“Think not that I am come to send peace on earth: I came not to send peace, but a sword. For I am come to set a man at variance against his father, and the daughter against her mother, and the daughter in law against her mother in law. And a man’s foes shall be they of his own household. He that loves father or mother more than me [the spiritual soul] is not worthy of me. And he that loves son or daughter more than me is not worthy of me. And he that takes not his cross, and follows after me, is not worthy of me [the spiritual soul]. He that finds his life shall lose it; and he that loses his life for my sake shall find it.”
This passage has a strong correlation with some special sentences from Exodus, in the Old Testament. In Exodus, 32: 27-29, Moses says to his followers, in the name of Jehovah:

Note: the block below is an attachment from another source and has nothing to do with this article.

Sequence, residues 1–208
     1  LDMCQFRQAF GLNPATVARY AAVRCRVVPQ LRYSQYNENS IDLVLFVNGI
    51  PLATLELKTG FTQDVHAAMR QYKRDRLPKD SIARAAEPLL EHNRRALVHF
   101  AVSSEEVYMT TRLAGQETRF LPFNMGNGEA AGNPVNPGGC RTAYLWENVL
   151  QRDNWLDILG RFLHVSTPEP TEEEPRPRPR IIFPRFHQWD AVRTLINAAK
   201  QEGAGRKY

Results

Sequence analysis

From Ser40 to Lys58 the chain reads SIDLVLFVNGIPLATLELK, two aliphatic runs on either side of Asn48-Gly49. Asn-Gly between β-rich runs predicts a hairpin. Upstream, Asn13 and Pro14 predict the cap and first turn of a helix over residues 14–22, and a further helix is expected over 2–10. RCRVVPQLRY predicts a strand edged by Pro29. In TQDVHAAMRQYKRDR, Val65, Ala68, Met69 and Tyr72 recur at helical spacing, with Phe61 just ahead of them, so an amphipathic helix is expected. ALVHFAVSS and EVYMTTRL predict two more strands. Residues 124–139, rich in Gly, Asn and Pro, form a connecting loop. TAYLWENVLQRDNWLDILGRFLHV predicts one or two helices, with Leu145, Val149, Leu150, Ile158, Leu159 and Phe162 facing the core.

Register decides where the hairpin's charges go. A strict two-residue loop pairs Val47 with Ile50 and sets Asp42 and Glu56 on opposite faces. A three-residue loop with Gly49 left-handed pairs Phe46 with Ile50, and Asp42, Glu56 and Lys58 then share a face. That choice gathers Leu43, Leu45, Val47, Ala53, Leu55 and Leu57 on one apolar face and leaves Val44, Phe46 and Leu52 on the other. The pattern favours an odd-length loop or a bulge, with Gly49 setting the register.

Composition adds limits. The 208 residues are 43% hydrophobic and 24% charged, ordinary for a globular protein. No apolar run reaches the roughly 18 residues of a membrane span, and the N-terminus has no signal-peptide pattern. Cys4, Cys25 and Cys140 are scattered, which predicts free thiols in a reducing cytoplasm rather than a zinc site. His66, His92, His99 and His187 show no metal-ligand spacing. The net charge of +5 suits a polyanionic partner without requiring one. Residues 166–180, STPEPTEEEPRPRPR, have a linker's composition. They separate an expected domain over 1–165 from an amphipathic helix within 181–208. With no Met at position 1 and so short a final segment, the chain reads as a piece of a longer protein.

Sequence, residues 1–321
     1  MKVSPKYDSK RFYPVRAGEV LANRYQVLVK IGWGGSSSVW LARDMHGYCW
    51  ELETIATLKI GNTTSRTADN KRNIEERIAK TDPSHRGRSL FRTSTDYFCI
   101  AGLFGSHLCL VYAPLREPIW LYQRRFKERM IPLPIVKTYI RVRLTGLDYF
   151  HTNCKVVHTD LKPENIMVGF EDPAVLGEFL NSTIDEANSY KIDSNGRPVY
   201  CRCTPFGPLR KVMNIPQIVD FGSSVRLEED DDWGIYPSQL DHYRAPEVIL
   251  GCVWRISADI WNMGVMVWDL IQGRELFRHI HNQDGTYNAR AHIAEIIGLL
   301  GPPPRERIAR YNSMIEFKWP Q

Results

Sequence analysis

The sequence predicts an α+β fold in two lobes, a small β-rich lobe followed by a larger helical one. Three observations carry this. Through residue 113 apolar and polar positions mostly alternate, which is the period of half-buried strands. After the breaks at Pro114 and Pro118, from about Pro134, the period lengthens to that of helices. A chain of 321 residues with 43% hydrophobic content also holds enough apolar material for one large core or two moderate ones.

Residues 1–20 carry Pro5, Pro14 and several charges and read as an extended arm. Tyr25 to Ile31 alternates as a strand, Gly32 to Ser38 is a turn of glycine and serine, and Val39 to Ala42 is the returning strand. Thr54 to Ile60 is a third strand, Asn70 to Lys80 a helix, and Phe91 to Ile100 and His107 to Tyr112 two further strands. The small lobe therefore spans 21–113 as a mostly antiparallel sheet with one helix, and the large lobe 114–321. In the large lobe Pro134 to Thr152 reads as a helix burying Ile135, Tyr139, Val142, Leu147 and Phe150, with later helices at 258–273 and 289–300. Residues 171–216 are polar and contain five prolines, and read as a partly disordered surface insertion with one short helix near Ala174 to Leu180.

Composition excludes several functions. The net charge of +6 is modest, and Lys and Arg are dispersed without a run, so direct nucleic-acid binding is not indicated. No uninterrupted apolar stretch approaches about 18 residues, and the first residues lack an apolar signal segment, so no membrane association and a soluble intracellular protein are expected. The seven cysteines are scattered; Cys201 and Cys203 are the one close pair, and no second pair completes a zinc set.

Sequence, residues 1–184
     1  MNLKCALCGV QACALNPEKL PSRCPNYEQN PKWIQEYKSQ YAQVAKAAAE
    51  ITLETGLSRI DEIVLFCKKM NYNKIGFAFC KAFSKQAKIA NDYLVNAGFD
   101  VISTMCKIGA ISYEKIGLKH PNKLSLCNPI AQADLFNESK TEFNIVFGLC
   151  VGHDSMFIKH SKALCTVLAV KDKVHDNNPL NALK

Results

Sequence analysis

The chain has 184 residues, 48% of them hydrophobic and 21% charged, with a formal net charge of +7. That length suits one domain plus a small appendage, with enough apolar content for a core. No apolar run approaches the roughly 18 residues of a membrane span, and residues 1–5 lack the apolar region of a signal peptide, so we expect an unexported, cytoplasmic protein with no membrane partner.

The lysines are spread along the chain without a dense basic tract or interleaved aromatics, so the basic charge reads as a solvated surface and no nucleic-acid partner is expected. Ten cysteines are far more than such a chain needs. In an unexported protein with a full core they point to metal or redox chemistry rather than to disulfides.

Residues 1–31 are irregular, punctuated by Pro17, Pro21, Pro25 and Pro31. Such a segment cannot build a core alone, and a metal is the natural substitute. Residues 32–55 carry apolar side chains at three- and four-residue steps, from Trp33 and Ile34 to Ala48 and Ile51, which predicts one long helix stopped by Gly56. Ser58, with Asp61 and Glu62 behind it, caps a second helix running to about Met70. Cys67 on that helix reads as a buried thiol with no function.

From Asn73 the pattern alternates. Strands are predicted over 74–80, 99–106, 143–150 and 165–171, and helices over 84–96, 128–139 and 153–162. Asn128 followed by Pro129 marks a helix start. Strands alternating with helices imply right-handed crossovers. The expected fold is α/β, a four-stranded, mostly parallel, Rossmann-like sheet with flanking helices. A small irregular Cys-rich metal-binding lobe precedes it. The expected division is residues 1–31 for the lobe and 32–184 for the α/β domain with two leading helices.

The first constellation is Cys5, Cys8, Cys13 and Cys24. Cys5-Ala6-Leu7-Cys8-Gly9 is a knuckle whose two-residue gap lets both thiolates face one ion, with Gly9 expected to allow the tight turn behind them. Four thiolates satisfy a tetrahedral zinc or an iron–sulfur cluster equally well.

“The Lord of Israel commands every one of you to put on his sword and go through the camp from this gate to the other and kill his brothers, his friends, and his neighbours.”
The absurdity of such a command, if taken literally, is evident. It makes no sense for a number of reasons, and one of the Ten Commandments issued by Moses was precisely “You shall not murder.” In fact, both in the passage previously mentioned of the Gospel and in these words ascribed to Moses, we have – under the appearance of absurd statements – a severe lesson of impersonality.